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John Prine, Vox Populi
Like Kooser, Prine is a cancer survivor. Late in 1997, a carcinoma was found on the right side of Prine's neck. The surgery to remove it was not a concern -- the growth wasn't near Prine's vocal cords -- but the six weeks of radiation therapy that followed was. Prine, whose gruff, sandpaper baritone was always an instrument of truth, not beauty, gets a kick out of recalling the concerned radiologist who wanted to shield the vocal cords during treatment -- until Prine asked, "Have you ever heard me sing?"
Thirty years of smoking a pack a day obviously hadn't helped. Giving up that habit affected Prine's voice as much as surgery and radiation. His voice coarsened a bit and dropped an octave, closer to his conversational level. The surgery involved removing a small portion of Prine's neck and refashioning his bite, and he's put on some weight. With his brushy mustache, the 58-year-old Prine looks like a friendly Joseph Stalin -- except for standup shocks of hair that may be the most electric thing about him.
"My voice lost its strength for about a year after everything was over with," Prine recalls. "I could pick up a guitar and talk, but I had no power to sing. Little by little it came back. When my voice dropped, I had to drop the key considerably, to where I've got to carry another guitar that's tuned down two steps. . . . I'm limited in my chords!"
Typically for Prine, he's found the upside of that change.
"To me, it's like hearing someone else doing a really good rendition of one of my songs, to where it reawakens me to the song -- except it's me doing it, so it's double fun for me. I'm very comfortable for the first time with my singing voice."
A month after his Library of Congress appearance, Prine released "Fair & Square," his first collection of new songs in nearly a decade. It offers typically wry Prine observations in "Taking a Walk," "Crazy as a Loon" and "I Hate It When That Happens to Me" and the politically charged "Some Humans Ain't Human." But songs like "Glory of True Love" and "She Is My Everything" reflect positive changes in Prine's personal life. They include marriage (Prine's third) to Fiona Whelan, whom he met while touring in Ireland. They have two sons, Jack and Tom (10 and 9, born 10 months apart, what Prine jokingly calls "Irish twins") as well as Fiona's 23-year-old, Jody, who's been with Prine since he was 11.
"I didn't have this family 10 years ago when I was writing [the last new song collection] 'The Missing Years,' " Prine says. "It's totally changed my life."
Prine grew up in Maywood, where his father moved the family to escape the coal mines of Kentucky, though they returned each summer to Paradise to stay with relatives. (Years later, when Paradise existed only in song, a neighboring town renamed a street John Prine Avenue.) Prine's father, a tool and die maker who became president of a steelworkers local, was "a huge country fan, so we had plenty of country music around the house, though I was later exposed to rock-and-roll and R&B and blues around Chicago," Prine notes.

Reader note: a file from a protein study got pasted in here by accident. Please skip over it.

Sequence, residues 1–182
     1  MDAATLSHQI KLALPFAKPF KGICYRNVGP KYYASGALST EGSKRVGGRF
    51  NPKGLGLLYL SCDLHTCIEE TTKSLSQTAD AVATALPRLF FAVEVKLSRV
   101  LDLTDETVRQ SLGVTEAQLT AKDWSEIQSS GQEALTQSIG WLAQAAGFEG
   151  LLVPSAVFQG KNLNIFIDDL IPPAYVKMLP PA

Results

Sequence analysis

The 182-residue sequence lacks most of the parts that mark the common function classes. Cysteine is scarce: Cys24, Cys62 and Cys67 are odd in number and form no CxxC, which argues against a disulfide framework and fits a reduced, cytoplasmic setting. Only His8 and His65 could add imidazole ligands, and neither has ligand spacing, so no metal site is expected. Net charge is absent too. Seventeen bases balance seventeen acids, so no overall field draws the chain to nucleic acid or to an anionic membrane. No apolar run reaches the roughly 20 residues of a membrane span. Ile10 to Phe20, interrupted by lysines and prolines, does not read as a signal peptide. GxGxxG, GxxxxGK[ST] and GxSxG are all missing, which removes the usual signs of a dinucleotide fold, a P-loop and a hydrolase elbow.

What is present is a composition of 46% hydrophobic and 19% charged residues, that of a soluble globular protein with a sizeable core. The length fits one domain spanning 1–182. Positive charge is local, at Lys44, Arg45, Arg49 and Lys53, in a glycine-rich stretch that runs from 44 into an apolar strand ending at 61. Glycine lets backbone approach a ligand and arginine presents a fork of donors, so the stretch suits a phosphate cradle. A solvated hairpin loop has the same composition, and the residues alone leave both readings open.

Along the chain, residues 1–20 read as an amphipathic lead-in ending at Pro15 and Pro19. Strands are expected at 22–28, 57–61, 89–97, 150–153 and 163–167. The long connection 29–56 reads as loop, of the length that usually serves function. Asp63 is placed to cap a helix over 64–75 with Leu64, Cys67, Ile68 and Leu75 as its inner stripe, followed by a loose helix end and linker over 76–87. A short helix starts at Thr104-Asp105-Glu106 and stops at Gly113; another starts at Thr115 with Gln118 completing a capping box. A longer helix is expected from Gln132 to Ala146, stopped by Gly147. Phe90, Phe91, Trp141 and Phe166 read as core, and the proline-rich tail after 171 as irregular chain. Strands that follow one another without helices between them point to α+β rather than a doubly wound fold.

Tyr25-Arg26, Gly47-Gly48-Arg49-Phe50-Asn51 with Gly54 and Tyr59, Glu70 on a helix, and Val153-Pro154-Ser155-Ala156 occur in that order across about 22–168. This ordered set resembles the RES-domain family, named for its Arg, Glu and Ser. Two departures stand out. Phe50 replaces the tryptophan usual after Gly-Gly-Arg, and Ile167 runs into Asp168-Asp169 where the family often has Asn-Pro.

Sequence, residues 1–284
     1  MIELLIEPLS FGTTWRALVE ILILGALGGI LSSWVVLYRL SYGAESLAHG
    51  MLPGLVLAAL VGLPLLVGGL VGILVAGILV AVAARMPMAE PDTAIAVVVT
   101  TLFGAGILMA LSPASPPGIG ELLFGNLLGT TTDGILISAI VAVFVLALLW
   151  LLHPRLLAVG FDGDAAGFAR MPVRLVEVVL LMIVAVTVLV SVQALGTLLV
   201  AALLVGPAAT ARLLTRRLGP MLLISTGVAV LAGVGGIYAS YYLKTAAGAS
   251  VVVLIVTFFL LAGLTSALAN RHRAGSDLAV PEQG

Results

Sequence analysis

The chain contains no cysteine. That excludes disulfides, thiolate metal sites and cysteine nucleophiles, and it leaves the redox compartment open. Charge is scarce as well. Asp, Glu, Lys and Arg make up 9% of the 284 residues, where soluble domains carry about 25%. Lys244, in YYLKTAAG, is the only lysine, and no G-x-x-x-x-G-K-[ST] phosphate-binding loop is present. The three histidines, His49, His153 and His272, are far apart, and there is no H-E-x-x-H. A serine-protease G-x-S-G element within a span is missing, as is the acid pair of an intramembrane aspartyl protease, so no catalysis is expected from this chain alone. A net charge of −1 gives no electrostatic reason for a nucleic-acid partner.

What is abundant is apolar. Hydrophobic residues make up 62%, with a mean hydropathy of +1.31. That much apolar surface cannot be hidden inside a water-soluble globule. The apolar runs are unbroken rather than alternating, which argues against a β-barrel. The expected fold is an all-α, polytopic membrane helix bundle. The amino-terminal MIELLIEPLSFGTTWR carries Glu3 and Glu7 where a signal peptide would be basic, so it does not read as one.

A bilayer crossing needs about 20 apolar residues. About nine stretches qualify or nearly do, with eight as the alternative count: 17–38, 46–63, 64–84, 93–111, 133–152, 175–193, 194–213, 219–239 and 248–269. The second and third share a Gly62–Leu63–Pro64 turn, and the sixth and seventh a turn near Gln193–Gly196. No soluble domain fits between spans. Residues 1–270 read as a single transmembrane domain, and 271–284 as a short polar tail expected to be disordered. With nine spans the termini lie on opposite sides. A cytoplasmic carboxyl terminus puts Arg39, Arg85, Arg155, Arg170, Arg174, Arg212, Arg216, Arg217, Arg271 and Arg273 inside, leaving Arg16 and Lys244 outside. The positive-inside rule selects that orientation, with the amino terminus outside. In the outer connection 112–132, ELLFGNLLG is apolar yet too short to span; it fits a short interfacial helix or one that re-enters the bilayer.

The new album's inclusion of a Carter Family song, "Bear Creek Blues," is a homage to the early influence of older brother Dave Prine, who played fiddle in local old-timey bands and enlisted his sibling at 14 to play rhythm guitar, giving him albums by the Carters, Elizabeth Cotten and Mississippi John Hurt. It was from these that Prine learned the basic guitar underpinnings -- simple chords and unfussy finger picking -- that shape his writing even now.
"Entirely, because that's all I know," Prine admits with a chuckle. "I always claim that if somebody else had taught me how to play guitar, and taught me one Chuck Berry song, I would have written a few more rock-and-roll songs than I ever did. . . . I'd probably have to learn from scratch to play guitar any different, but I think my shortcomings or mistakes have all become a style and strength over the years."
Soon, Prine became a regular on the Chicago circuit, with other local songwriters championing him to visitors -- including, one night, Kristofferson, the man who wrote "Me and Bobby McGee" and "Help Me Make It Through the Night."
"It was incredible," Kristofferson recalls. "John was singing some of the best songs I've ever heard, and they still are the best songs I've ever heard. . . . The best of his songs are timeless. They're like folk music, completely original and unpredictable."